DAMSELS AND DISTRESS • by Kat Otis

Lady Arabella Spenser was day-dreaming of monsters and knights in shining armor when her carriage abruptly stopped in the middle of the woods.

Rudely called back to reality by the oddity, Arabella pulled back the window curtain to see what was happening.  The three men her father had sent to escort her were clustered around a downed tree that blocked the road.  It wasn’t just a branch, which might have fallen by accident; it was a full tree, which meant it was probably deliberate.

Arabella’s heart sped up and she leaned out the window a little more, trying to get a better look.  If the tree was torn up by its roots, that meant it was probably ogres or trolls or giants — something impressive and dangerous.  Ever since last spring’s unfortunate bear incident, her mother had spent evenings reading to her from A Damsel’s Guide to Distress.  By now, she had all the rules memorized, the most important of which was this: the quality of a damsel’s rescuer was always proportional to the amount of distress she was in.  Ogres or trolls or giants were sure to attract an earl, at least, or maybe even the heir to a dukedom.

Her escort was blocking her view of the tree, so Arabella opened the door to her carriage and scrambled out.  Unfortunately, that did nothing to improve her view.  Instead, all three men began tripping over each other as they surrounded her and urged her back inside.

“What is it?” Arabella demanded, trying to make her voice sound imperious instead of squeaky with excitement.

“Just a fallen tree, milady,” the coachman said.

“I still think it was cut,” the outrider muttered. “That axe — ”

“Hush!” The footman shoved past both of them and laid a hand on her arm, trying to turn her back towards the carriage door.

Arabella’s hopes plummeted.  Ogres and trolls and giants wouldn’t need man-made tools to fell a tree.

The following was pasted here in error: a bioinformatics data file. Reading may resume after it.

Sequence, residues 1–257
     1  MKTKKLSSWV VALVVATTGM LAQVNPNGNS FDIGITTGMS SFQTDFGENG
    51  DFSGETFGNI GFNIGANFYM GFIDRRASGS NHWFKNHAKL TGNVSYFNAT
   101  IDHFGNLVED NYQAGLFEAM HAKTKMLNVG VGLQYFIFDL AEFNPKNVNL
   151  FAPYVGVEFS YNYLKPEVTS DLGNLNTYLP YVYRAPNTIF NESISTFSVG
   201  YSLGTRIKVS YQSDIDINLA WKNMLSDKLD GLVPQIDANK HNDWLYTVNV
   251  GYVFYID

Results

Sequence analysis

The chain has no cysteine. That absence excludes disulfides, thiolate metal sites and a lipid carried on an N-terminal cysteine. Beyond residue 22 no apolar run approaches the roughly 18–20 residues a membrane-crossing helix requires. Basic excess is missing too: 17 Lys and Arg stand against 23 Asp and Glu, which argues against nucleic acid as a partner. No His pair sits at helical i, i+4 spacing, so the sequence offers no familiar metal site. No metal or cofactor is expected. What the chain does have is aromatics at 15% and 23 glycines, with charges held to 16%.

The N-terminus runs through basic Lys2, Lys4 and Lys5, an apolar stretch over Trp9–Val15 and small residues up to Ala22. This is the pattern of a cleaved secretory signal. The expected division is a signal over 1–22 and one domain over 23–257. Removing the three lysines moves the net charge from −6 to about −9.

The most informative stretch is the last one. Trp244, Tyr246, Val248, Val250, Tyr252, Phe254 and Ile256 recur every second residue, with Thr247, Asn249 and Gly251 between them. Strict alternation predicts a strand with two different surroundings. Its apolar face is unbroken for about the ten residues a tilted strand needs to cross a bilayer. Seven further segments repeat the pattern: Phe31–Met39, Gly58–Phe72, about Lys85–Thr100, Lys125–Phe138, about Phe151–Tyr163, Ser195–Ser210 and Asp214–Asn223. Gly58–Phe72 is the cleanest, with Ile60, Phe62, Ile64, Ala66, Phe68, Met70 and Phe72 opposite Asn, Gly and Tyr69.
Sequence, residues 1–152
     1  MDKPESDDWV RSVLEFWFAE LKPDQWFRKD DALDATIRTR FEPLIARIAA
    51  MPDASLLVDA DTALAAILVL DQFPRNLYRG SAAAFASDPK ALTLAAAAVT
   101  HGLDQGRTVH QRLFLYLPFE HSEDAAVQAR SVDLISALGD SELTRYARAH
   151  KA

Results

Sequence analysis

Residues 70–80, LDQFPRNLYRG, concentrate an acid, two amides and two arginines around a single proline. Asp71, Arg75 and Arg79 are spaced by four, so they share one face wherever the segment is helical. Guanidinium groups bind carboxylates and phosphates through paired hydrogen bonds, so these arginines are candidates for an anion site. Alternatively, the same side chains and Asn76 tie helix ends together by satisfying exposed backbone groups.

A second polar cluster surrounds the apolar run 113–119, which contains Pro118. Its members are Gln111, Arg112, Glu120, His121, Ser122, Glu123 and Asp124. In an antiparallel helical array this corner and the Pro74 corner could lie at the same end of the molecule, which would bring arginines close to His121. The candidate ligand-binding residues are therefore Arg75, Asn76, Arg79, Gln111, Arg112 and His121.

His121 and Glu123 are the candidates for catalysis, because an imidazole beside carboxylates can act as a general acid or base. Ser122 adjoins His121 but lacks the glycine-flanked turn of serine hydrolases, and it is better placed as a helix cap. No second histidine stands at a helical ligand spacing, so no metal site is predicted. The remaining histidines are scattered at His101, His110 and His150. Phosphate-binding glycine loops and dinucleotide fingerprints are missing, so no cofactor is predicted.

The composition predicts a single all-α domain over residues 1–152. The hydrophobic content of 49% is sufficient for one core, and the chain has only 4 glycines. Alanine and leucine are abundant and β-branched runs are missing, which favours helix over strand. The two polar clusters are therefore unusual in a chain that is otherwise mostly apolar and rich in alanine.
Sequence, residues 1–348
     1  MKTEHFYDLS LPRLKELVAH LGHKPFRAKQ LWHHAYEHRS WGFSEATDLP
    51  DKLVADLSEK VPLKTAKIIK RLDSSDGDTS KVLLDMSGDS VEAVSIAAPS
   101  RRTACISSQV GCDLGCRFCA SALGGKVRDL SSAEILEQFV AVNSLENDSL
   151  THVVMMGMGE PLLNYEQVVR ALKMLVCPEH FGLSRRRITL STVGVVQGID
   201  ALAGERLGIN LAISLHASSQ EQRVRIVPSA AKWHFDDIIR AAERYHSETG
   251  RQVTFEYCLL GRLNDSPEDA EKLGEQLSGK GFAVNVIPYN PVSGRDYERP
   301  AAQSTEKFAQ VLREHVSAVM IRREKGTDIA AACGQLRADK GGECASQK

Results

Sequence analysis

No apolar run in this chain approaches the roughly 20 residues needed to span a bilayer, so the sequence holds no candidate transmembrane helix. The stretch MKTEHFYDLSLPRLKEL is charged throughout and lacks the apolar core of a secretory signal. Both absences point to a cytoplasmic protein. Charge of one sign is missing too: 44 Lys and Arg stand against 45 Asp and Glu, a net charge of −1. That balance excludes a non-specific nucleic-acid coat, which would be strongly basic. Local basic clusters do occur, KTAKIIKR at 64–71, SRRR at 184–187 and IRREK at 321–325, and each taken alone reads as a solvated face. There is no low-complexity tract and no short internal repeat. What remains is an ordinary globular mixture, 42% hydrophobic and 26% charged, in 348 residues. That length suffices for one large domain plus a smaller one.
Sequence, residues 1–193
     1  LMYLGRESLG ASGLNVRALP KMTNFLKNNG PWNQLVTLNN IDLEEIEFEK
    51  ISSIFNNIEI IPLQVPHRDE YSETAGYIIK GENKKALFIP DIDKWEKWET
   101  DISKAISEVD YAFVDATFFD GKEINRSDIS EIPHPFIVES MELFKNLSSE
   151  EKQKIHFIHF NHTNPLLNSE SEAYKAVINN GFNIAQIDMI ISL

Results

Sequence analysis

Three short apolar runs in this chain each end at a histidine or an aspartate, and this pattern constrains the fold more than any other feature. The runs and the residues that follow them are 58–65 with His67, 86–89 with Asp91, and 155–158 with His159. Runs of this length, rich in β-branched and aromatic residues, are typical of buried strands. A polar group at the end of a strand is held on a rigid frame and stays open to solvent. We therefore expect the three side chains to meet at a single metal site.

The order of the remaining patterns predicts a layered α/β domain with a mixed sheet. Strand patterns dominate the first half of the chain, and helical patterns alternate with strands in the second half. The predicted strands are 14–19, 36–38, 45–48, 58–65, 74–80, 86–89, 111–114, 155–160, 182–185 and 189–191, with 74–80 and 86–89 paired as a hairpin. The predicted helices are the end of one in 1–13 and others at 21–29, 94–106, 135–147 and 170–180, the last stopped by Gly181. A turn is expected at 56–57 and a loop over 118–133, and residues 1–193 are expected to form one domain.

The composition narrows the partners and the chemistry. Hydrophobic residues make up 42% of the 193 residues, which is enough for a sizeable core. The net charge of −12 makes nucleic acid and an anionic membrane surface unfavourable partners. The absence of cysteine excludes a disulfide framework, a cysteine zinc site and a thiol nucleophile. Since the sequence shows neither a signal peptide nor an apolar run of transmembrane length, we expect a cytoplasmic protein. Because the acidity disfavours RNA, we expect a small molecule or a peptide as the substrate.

With a whoop, a half-dozen bandits came pouring out of the trees.  They were dirty and ragged, but armed to the teeth with swords and knives.

Arabella stomped her foot in annoyance.  Really, this was intolerable!  Bandits barely even merited an esquire.

The footman dove under the carriage.  The coachman grabbed the bridle of the outrider’s horse, moments before it tried to bolt.  The outrider valiantly drew his sword, but six against one were terrible odds.  Two of the bandits evaded the outrider and headed directly for her.

A Damsel’s Guide to Distress said that a damsel should always be demure and dainty and delicate while in distress, but Arabella figured these were extenuating circumstances. After all, she couldn’t possibly be expected to settle for being rescued by anything less than landed nobility. It wasn’t just her reputation as a proper damsel at stake, it was her entire future. Besides, if her escort could be persuaded to keep silent, then her mother never had to know.

When the first bandit tried to grab her, Arabella snatched the knife from his belt and slew him.

The other bandit gaped at her for a few seconds, then attacked her in earnest. Arabella liberated the fallen bandit’s sword and made short work of his companion. Then, with the help of her outrider, she finished off the others.  None of her escort was seriously injured, though the footman had terribly stained the knees of his livery and her favorite traveling dress was probably ruined.

Arabella was wiping her sword clean on one of the bandits’ bodies when she heard the sound of hooves pounding down the road behind them.  She looked up in time to see a scruffy young man pull his flea-bitten nag to a stop.

“Fear not, fair maiden, for I am here to rescue you!” He lifted a rusty old great-sword that was far too big for him to handle effectively and swung it through the air as if he were attacking some invisible foe.  He was lucky he didn’t slay his own horse, flailing about like that.

“I thank you for your offer, kind sir, but as you can see I am not currently in need of rescue.” Arabella curtseyed politely, then handed him the sword she’d taken from the fallen bandit. A damsel couldn’t achieve the proper level of distress if she was carrying around her own sword, after all. “Here, you’ll have better luck next time with this.”

Arabella climbed back into the carriage, leaving her escort and the befuddled squire to deal with the fallen tree. She leaned back against the soft cushions and closed her eyes, once again dreaming of ogres and trolls and giants.

And when her future husband showed up, she might even let him help slay them.


Kat Otis was born with a surplus of creativity and quickly learned to cope by telling stories to anyone who would listen. When she’s not writing, she’s an historian, mathematician, singer, and photographer. She lives a peripatetic life with a pair of cats who enjoy riding in the car as long as there’s no country music involved. Her short fiction has previously appeared in Orson Scott Card’s Intergalactic Medicine Show, Daily Science Fiction and Marion Zimmer Bradley’s Sword & Sorceress XXVI.


Rate this story:
 average 5 stars • 1 reader(s) rated this

Every Day Fiction